These attachments may be a Word document or zip file, for example. But if you open the attachment and it’s malicious, it could infect your computer with malware that steals your login credentials. If you get an email with a suspicious attachment, don’t click on it!
*Although it’s best to scan attachments for viruses before opening them, some email providers— like Gmail and Yahoo —have incorporated advanced checking filters that will automatically show the attachment in question as ‘Blocked Attachments’ if found suspicious.
6. The Recipient Never Started the Discussion
Phishing attempts are often initiated by scammers or hackers who send emails to random people and hope that someone falls for them. If you didn’t initiate the conversation, then the email may be a phishing attempt.
To entice the recipient, many cold emails state that he or she has won a prize, qualifies for one if they reply right away, and will not be eligible at all if they do not respond. So in cases where the recipient is not a current or former customer, there is an increased probability that the email will be spam.
7. Abnormalities in Email Addresses, Hyperlinks, and Domain Names
Phishing emails are often sent from an address that is not consistent with the domain name or website of the organization that is being impersonated. For example, if you receive a message purporting to be from Microsoft but it was sent from an email address that ends in @gmail.com or @yahoo.com, then this should raise red flags for you.
It is also a good idea to check that the originating email addresses match previous correspondence. If there are hyperlinks in the email, hover over each one to see what URL it will take you to. If an email is supposedly from Amazon, but the hyperlink directs you to a different website entirely (like freeamazongifts.ca), that’s probably evidence of fraud.
8. Email Coded Entirely as a Hyperlink
Email coding is a new practice among fraudsters and scammers. They know that people have got smart, and they will not click on a link given in the email. Therefore these fraudsters code the entire email as a hyperlink in <HTML> format. When an email is coded entirely as a hyperlink, the whole email becomes clickable. This means when a user clicks anywhere inside the email message it takes them to the imposter page.
9. Unrealistic Demand or Request
Phishing scams typically begin with an email or other communication that asks you to take action. The request might be a reasonable one, such as asking you to confirm or update your personal information. However, some phishing attempts are designed to make you do something that seems unreasonable or unlikely—such as paying a bill through a new payment method or providing your login credentials to a third party for verification.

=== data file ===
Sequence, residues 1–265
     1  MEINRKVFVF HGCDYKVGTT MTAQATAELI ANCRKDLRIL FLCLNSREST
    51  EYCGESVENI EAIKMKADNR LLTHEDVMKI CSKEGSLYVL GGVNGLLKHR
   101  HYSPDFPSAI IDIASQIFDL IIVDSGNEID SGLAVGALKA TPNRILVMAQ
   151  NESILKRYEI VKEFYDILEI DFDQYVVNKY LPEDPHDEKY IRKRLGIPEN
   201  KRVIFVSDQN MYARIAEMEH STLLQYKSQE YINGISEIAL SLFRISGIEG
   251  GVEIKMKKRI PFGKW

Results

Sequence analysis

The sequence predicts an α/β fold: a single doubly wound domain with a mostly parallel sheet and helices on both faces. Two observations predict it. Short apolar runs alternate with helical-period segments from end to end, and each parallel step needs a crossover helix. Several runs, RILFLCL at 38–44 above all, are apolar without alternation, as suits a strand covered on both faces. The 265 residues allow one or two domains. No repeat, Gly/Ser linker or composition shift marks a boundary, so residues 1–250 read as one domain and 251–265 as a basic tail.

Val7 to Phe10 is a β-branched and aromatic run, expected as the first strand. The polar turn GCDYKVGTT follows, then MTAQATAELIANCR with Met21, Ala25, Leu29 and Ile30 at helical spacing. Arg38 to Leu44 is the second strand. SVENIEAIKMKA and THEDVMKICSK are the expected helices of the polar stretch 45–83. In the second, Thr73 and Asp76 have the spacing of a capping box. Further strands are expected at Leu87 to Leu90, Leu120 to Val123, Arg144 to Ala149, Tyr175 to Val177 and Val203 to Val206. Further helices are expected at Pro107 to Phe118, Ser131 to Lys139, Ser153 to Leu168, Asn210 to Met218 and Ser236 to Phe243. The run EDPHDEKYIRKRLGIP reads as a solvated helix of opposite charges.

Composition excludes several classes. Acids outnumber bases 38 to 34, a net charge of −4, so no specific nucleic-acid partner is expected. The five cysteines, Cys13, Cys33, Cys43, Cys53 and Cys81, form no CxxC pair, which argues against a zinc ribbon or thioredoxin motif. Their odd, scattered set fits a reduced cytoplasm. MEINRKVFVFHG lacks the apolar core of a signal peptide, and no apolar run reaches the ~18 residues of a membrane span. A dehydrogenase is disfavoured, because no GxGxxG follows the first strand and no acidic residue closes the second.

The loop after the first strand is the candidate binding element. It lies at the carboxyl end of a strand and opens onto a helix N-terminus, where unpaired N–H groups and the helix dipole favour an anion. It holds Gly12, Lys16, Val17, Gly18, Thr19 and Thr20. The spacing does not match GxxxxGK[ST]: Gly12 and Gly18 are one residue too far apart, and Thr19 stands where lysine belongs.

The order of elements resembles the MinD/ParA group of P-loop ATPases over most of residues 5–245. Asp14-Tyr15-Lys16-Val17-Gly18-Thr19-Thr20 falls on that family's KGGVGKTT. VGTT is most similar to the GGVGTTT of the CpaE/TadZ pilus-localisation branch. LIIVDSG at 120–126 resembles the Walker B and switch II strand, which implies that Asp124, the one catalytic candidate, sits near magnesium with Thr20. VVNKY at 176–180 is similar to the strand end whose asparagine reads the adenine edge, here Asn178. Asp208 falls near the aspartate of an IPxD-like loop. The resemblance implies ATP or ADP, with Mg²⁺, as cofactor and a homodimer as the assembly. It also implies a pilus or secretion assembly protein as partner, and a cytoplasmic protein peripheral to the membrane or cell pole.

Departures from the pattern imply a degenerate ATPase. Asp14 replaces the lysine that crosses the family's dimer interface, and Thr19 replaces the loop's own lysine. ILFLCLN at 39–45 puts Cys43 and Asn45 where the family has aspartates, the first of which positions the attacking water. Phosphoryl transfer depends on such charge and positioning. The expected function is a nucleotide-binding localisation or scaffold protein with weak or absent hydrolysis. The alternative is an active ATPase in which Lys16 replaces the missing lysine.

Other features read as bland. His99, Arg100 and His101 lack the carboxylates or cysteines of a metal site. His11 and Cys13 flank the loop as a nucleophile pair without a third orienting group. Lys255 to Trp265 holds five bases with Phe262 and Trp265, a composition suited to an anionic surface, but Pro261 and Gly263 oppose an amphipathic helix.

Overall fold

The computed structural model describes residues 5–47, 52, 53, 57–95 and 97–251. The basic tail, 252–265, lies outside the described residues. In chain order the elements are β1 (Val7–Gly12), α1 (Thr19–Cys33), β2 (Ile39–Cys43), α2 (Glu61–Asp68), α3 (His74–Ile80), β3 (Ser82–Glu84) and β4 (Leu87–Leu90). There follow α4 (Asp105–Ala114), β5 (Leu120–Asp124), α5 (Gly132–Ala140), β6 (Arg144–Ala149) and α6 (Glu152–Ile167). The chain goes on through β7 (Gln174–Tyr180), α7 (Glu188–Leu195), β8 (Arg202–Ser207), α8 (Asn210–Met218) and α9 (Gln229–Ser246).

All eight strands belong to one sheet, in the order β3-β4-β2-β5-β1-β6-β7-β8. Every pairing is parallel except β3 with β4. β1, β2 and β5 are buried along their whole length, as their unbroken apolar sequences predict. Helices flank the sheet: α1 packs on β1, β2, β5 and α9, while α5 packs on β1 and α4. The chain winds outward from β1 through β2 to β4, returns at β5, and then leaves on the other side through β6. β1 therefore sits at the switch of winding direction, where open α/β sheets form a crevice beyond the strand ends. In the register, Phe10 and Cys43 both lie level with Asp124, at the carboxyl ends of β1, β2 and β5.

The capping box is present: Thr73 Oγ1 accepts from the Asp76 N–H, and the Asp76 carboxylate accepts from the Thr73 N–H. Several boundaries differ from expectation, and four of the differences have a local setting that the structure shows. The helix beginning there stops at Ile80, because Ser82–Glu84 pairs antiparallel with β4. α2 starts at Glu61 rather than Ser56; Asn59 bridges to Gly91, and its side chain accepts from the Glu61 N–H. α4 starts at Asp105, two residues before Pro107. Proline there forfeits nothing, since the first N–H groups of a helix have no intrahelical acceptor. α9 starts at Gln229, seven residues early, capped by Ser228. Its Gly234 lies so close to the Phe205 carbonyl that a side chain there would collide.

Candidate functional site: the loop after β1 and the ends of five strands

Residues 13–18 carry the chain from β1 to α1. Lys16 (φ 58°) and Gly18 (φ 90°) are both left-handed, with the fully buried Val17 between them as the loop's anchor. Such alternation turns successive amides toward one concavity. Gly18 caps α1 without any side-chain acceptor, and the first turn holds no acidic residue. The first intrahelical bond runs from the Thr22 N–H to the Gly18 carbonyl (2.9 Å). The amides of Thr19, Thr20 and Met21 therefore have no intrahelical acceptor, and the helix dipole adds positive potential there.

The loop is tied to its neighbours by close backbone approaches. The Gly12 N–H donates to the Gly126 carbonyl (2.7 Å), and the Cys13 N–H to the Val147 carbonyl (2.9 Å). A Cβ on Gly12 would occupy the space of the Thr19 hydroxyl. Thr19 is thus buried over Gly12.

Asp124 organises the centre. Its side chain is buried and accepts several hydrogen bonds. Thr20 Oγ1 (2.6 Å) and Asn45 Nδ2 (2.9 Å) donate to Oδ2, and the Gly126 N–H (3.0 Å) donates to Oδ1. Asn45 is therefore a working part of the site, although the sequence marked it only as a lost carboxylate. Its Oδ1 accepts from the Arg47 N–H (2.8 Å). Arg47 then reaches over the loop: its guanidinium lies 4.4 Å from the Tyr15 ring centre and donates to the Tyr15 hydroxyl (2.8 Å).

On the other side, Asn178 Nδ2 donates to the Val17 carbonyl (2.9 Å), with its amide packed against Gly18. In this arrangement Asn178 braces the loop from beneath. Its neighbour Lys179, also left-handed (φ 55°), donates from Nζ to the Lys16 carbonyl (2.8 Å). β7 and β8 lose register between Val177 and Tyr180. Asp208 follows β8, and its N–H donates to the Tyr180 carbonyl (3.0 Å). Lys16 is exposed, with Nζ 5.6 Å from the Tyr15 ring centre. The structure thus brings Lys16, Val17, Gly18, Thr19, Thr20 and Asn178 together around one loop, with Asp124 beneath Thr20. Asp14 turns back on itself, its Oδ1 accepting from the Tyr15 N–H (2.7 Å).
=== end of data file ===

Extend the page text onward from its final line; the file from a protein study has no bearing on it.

10. Emails with Brief Description
Not all phishing emails are long and detailed, but some short ones can fool you into thinking they’re legit. These kinds of short emails are usually brief and to the point—they often begin with “here’s your requested information” and then immediately attach malware files. For instance, scam artists will create spoofed emails from Peter of XYZ company that appear to be from a trusted vendor or supplier. These messages may include vague requests for information bundled with an attachment titled ‘additional information’ in hopes of luring the victim into clicking on it and compromising their computer’s security.
Combat Phishing with PowerDMARC’s Zero Trust Security Model
When it comes to email security, a lot of companies fall behind. They are forced to rely on the default settings of their email provider which leave their email vulnerable to phishing attacks. Thus, ending up with hacked inboxes and lost customers.
We at PowerDMARC combat phishing by implementing a zero trust security model via a combination of DMARC, SPF, and DKIM protocols–which help a business verify who an email’s sender is before allowing it through their servers.
We prevent the sending of emails from compromised domains by sending invalid DKIM Signature or DMARC authentication failure reports back to those sending servers. By validating the email sender’s domains we simplify your life as you won’t have to come across phishing emails anymore.
We hope the article made you aware of the common indicators of a phishing attempt! Sign up for our free DMARC analyzer today and see how we protect your email from malicious attacks.
- Google Includes ARC in 2024 Email Sender Guidelines - December 8, 2023
- Web Security 101 – Best Practices and Solutions - November 29, 2023
- What is Email Encryption and What are its Various Types? - November 29, 2023